Thousands of people have taken to the streets of cities across Spain to demand justice, equality and protection after a gay man was beaten to death in what police say could have been a homophobic attack.
Samuel Luiz, a 24-year-old nursing assistant, was out with friends in the Galician town of La Coruna in the early hours of Saturday when an argument broke out outside a nightclub.
His friends told El Mundo that Luiz had walked out of the club to make a video call when two passers-by accused him of attempting to film them on his phone. Luiz explained that he was speaking to a friend by video, but that he was allegedly attacked by one of the passers-by and his face was seriously bruised.
Five minutes later, the perpetrator reportedly returned with 12 other people who beat Luiz until he lost consciousness. He was taken to hospital where he died later on Saturday morning.
The attack, which is still under investigation, sparked revulsion across Spain and led to demonstrations on Monday evening in cities such as La Coruña, Madrid, Barcelona, Valencia, Salamanca, Bilbao and Zaragoza . The demonstrators carried signs with slogans such as “Your homophobia is killing us”.
Politicians in Madrid have demanded an explanation from the central government after some protesters in the capital were killed and charged by riot police on Monday evening. Spanish Prime Minister Pedro Sánchez denounced the murder and offered his condolences to Luiz’s friends and family.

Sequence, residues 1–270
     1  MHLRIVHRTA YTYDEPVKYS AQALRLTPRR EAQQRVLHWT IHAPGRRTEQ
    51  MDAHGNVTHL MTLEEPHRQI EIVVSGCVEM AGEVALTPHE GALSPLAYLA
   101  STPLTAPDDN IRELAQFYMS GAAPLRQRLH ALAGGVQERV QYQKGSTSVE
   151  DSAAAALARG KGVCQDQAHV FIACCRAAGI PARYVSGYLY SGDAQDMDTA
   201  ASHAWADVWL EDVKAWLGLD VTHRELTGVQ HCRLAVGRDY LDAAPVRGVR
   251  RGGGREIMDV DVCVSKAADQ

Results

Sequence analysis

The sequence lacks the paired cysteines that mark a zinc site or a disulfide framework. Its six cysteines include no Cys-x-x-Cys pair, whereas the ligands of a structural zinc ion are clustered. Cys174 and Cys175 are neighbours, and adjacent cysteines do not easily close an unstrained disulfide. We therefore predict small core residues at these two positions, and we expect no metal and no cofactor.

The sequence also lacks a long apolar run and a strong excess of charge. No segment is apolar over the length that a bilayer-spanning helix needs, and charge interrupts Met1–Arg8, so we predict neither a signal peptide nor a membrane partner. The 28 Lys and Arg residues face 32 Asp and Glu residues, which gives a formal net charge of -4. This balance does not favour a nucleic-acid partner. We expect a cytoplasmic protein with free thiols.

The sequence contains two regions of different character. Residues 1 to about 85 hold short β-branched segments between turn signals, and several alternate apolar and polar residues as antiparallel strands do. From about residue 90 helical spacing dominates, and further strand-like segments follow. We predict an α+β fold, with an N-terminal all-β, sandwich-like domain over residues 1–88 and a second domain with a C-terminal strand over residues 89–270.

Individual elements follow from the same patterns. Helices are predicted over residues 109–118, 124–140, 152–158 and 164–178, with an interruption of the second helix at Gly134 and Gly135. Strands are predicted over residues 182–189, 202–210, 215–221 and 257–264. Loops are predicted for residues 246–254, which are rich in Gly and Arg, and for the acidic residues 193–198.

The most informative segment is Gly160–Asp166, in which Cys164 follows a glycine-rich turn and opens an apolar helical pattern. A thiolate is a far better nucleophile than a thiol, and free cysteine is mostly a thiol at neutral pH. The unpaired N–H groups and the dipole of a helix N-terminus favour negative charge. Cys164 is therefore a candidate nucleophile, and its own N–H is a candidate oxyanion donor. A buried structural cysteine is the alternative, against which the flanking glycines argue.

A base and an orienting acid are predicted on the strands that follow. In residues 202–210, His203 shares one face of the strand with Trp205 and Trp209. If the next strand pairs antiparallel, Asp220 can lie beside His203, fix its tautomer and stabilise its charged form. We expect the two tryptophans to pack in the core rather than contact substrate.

“I am convinced that the police investigation will soon find those who murdered Samuel and shed light on what happened,” he said. tweeted Monday. “It was a savage and ruthless act. We will not take a step back in terms of rights and freedoms and Spain will not tolerate this.
José Miñones, central government delegate in Galicia, said police were examining whether the attack was motivated by homophobia, adding that the investigation was at a crucial stage.
No arrests were made, but Miñones said 15 people gave statements about what happened. ” The [security] the cameras will help us clarify what happened, ”he told Radio Voz on Tuesday.
The murder came less than a week after the annual Spanish pride celebrations and days after the socialist-led coalition government of Sánchez approved a bill to protect and strengthen the rights of LGBTI people.
Activists say the attack is proof of the violence to which LGBTI people are still subjected.
“We are mistreated and murdered for being LGBTI,” the National Lesbian, Gay and Bisexual Federation said in a statement. on Twitter. “We will not rest. “
The federation said that if events like Pride make it “easy to celebrate diversity for one month a year, it won’t stop until we are all 100% committed to it forever.”
A study released last year by the European Union’s Fundamental Rights Agency found that 41% of respondents in Spain had experienced some form of harassment for being LGBTI in the previous 12 months. It also revealed that 32% of those surveyed in Spain often or always avoid certain places or places for fear of being attacked, threatened or harassed because of their LGBTI identity.